At 202, a search query input can be received from a user, application, etc. In one example, this search query can be a keyword or group of keywords or other alpha-numeric string that identifies a desired search criterion. Simultaneously, prior to or subsequent to receipt of the search query, a user context can be determined at 204. As will be understood upon a review of the figures that follow, any mechanism(s) can be employed to obtain, establish and/or generate the information in order to produce the user context.

In accordance with the methodology of FIG. 2, the search query input can be modified in accordance with the user context at 206. For example, a user location can be combined with the search query input in order to limit results based upon a specific location. In other words, the search query input can be modified based upon the context. At 208, this context modified search query can be executed to generate context-based search results.

Finally, the results can be rendered at 210. For example, the results can be rendered via a display and can be organized in any manner desired. In one particular aspect, the results can be rendered in accordance with the user context. By way of more specific example, the results can be ranked, ordered or filtered in accordance with the user context.

FIG. 3 illustrates a methodology of context-based rendering of search results in accordance with an aspect of the innovation. While this methodology demonstrates a specific example of incorporating the user context into the act of rendering, it is to be understood that other examples of incorporating the user context into the act of rendering can exist. These additional examples and aspects are to be considered within the scope of this disclosure and claims appended hereto. At 302, a search query is received. By way of example, the search query can be any word, string or the like that identifies or describes a desired query. At 304, a user context can be established. In order to establish the user context, information about a user state can be obtained from a variety of sources such as, for example, a global positioning system (GPS), state of concurrently running applications, time of day, personal information manager (PIM) data, visual monitors (e.g., cameras), audio detectors (e.g., microphones), accelerometers, devices/vehicles/machines being employed, device collaboration, service providers, pattern recognition (e.g., detect frowns, smiles . . . ), voice analysis (e.g., detect stress in individual's voice), analysis of background noise (e.g., detect traffic noise in background, sound of the ocean, restaurant environment . . . ), wireless triangulation with cell phone (e.g., in light of GPS shadows), gaze detectors, credit card transactions or the like, location analysis (e.g., just walked into mall), medical-related devices (pace-maker, glucose monitor, hearing aid, prosthetics with built-in circuitry), personal data assistants (PDAs), metadata, tags, etc.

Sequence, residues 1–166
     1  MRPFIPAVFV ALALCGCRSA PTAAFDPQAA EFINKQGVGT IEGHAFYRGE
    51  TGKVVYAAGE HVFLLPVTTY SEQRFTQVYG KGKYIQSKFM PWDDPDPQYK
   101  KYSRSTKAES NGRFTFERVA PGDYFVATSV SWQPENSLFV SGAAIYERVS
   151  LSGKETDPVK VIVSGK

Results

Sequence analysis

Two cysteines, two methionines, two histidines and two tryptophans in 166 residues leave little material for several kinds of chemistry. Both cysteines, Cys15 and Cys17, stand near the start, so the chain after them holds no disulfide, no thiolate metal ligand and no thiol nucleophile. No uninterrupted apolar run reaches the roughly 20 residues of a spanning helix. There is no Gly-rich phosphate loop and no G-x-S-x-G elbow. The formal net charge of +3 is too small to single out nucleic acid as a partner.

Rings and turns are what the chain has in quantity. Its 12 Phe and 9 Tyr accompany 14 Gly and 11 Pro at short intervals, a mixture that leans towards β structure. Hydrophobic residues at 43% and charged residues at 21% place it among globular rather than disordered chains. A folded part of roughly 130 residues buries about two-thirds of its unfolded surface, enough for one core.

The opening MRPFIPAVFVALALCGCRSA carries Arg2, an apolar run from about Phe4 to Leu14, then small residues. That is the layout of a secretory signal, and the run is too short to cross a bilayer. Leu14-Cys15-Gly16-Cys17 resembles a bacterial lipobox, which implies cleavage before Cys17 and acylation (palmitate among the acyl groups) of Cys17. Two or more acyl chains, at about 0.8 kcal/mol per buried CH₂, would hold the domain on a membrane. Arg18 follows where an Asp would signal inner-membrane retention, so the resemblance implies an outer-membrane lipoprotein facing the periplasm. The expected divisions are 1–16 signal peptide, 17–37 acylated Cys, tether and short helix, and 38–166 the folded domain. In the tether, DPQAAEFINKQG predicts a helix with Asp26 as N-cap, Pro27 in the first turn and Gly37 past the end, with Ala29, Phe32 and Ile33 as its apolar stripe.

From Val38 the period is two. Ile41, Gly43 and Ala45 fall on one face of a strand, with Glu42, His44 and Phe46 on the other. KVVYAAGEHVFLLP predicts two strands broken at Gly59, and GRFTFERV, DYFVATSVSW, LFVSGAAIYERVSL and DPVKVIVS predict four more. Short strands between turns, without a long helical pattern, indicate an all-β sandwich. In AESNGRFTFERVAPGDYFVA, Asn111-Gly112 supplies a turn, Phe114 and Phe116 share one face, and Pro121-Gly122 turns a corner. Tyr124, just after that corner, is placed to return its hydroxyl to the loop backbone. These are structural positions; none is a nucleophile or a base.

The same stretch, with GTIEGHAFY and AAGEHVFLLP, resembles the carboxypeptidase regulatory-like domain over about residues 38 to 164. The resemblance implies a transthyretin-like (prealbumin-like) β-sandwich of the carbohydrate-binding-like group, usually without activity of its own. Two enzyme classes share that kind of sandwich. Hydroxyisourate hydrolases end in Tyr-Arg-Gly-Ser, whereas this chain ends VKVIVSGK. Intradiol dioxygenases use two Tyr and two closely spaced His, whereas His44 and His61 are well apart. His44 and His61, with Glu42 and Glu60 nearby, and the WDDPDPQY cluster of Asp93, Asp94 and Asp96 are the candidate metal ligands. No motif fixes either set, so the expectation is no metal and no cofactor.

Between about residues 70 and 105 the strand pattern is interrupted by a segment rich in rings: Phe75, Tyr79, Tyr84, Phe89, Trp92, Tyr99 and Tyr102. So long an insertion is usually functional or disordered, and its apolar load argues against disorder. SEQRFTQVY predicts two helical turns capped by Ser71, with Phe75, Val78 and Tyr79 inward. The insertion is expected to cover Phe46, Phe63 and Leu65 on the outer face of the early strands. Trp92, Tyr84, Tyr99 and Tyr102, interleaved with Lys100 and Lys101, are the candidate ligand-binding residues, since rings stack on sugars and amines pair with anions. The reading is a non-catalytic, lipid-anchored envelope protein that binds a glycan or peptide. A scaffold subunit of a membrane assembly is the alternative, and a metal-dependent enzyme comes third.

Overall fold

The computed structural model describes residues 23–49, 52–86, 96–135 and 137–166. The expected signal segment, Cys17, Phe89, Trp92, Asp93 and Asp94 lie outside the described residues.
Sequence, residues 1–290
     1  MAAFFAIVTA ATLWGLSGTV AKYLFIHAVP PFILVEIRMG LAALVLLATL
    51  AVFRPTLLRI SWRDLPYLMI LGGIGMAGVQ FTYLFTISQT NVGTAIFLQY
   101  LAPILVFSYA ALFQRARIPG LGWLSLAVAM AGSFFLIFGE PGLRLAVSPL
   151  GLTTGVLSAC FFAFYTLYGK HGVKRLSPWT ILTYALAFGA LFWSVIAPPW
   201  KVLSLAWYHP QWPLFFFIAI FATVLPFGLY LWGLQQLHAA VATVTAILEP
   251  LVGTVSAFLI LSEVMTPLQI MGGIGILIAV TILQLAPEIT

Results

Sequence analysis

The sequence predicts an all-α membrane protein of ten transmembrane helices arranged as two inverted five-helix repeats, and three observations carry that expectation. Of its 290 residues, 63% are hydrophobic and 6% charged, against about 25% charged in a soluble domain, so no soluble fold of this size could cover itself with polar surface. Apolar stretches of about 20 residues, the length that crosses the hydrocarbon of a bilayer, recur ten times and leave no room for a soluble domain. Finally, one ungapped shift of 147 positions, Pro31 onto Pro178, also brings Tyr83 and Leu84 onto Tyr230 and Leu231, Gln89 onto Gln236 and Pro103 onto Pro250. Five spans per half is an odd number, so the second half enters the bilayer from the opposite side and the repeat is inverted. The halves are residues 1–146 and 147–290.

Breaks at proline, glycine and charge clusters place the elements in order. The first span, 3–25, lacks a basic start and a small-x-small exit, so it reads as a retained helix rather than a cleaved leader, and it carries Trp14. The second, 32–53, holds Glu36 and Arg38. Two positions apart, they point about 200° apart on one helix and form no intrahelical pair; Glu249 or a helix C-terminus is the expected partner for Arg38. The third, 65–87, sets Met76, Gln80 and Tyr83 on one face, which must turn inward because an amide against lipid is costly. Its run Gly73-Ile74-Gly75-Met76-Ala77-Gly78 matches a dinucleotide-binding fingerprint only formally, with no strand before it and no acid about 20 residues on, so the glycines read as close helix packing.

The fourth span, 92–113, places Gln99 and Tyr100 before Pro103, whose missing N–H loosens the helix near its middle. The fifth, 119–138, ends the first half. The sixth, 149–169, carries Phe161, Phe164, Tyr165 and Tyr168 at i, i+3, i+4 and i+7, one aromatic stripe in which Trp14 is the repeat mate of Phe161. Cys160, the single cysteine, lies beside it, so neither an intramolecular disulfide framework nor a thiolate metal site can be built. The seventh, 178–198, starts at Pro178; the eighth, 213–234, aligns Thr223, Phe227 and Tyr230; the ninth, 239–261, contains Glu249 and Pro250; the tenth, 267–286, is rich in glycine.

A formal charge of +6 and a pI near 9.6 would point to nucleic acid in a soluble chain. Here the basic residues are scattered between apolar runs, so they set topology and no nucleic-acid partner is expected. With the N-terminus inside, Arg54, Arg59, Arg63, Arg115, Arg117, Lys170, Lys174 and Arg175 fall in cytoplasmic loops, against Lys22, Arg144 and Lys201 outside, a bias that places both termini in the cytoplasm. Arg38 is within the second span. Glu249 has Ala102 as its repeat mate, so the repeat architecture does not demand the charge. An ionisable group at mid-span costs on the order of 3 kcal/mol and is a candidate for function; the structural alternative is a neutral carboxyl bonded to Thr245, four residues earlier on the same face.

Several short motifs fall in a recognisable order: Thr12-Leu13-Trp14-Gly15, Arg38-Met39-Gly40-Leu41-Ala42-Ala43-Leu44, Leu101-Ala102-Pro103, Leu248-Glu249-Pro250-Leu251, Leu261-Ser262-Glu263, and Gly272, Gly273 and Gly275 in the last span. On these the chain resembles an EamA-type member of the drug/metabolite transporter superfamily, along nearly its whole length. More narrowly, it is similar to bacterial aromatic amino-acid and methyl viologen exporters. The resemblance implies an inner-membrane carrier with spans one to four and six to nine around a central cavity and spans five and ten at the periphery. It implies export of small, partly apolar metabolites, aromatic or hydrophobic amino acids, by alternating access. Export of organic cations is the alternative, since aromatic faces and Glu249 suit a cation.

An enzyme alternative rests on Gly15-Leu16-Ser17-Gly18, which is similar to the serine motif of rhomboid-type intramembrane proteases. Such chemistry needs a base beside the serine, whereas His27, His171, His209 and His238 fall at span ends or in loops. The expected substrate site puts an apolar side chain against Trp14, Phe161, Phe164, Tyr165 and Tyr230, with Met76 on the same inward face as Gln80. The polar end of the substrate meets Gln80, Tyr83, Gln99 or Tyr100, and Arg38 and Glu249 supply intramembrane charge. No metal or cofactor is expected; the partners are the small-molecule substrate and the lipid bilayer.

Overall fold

In operation, this information can be processed in order to assist in determining a user context. More particularly, in one aspect, visual information can be employed to determine a user mood or state of mind. In this example, a frown or smile can be employed to determine a user frame of mind. Similarly, recorded sounds (e.g., tone of voice, sighs) can be employed to determine the user mood and/or state of mind.

At 306, the search query can be executed taking into account, or not taking into account the user context. In either case, the results of the search query can be reordered at 308 in accordance with the user context. In other words, the search results can be tailored to conform to the user context. As described in the aforementioned example, the results can be tailored to return restaurants located in a particular part of Seattle that serve lunch and have a drive-thru.